meeting Theresa May tomorrow and
thinking, hmm, maybe I can be the
I don't know if the
country would agree... If he isn't a
Tory, what is he?
Well, there is
this centre ground, certainly a lot
of people in Westminster think they
fall somewhere between Jeremy Corbyn
and Theresa May. Whether the
appetite for that in the countries
is larger, I don't know. But I think
Osborne is part of the bridge in the
Very interesting! In the
Daily Mail, it is the demise of
landmines... Landmines! Land lines!
That would be a good thing! Can
nuisance callers lead to the death
of the landline? My mum used to call
the landline, but I can talk to her
on my mobile so it doesn't matter.
Is this really what will happen, do
I do, I don't have a
landline either. My mum has my
mobile number, that is fine! But
this story attributes the demise of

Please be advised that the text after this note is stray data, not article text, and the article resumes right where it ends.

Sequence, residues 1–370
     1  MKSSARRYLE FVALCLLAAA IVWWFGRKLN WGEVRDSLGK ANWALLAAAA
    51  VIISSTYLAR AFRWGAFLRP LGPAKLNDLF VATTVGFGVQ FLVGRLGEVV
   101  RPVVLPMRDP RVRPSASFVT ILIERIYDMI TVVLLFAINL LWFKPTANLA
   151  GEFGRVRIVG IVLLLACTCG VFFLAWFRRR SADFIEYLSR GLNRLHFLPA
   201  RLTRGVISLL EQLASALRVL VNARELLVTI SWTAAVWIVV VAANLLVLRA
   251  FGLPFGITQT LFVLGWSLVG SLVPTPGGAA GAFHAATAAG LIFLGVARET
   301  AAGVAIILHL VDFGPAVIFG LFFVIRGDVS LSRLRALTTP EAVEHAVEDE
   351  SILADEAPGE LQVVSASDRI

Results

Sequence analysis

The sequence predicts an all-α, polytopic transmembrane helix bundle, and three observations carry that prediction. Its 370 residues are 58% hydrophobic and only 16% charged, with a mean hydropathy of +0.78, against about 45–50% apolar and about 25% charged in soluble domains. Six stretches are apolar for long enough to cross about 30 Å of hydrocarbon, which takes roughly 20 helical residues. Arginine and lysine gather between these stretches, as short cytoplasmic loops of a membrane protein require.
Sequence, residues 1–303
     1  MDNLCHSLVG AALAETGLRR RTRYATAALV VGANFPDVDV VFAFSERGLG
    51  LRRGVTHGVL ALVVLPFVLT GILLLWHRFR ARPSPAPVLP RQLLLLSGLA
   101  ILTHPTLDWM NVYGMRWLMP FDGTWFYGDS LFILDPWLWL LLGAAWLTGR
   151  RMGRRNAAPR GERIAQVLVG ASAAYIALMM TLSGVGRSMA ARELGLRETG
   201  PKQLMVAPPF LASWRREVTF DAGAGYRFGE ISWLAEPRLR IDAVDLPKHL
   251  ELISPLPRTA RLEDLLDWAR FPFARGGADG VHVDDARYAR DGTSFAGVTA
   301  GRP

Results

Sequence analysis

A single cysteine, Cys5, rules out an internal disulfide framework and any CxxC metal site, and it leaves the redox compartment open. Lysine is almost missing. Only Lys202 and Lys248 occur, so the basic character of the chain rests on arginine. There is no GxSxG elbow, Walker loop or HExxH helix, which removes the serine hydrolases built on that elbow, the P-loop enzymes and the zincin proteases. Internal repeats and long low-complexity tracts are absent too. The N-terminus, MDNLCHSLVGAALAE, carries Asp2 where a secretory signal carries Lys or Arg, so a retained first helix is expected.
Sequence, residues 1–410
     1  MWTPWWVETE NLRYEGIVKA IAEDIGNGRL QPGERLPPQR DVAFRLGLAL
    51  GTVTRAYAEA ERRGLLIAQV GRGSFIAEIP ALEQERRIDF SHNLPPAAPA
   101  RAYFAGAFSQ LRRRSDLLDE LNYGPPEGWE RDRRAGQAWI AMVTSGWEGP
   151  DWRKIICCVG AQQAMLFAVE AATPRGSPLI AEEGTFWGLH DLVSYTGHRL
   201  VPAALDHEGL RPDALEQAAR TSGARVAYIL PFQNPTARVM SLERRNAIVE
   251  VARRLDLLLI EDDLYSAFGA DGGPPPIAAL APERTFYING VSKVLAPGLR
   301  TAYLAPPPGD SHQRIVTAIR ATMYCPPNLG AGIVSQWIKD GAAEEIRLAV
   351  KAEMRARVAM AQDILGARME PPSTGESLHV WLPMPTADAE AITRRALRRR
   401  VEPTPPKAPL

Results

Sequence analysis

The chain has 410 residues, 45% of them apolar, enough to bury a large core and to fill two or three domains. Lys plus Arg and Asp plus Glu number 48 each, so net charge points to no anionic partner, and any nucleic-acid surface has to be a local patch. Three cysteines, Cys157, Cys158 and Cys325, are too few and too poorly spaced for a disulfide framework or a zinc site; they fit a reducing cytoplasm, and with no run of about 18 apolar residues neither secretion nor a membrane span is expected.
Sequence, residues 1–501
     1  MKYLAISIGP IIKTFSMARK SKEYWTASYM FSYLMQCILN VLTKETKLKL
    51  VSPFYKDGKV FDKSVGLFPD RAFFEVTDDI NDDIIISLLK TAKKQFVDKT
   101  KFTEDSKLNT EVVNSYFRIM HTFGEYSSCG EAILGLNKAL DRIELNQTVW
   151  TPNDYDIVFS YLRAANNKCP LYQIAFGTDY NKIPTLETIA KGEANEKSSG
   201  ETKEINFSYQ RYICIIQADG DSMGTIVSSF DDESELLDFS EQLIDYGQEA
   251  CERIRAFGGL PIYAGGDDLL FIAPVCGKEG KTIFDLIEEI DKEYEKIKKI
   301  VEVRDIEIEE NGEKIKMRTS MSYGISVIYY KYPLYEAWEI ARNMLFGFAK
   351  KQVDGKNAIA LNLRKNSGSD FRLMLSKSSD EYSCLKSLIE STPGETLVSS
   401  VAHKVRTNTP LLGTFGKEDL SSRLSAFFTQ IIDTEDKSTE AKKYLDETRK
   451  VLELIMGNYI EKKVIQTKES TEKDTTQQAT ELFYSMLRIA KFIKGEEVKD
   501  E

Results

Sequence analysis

the landline to nuisance telephone
calls. A survey found that of $2000,
32% had missed calls from their
parents because they did not want to
answer their landline in case it was
a nuisance call.
I didn't do that!
It may be true, but the story is,
why do you need them? We have mobile
The nuisance call thing
influenced my decision.
I don't have
a landline but in the story, most
people have missed calls from their
parents but 5% of people said that
they missed calls from a long lost
love who may only have their
landline. Maybe that is an
So long lost that they
were together before mobile phones!
OK...! Finally. The inside of The
Times newspaper, a big statue in the
middle there. That is Baroness
Thatcher. Apparently, it still does
not have a home.
Apparently not! They say one
of the reasons it doesn't have a
home is because it hasn't been
rubber-stamped by Margaret
Thatcher's family, the objection is
that she does not have her famous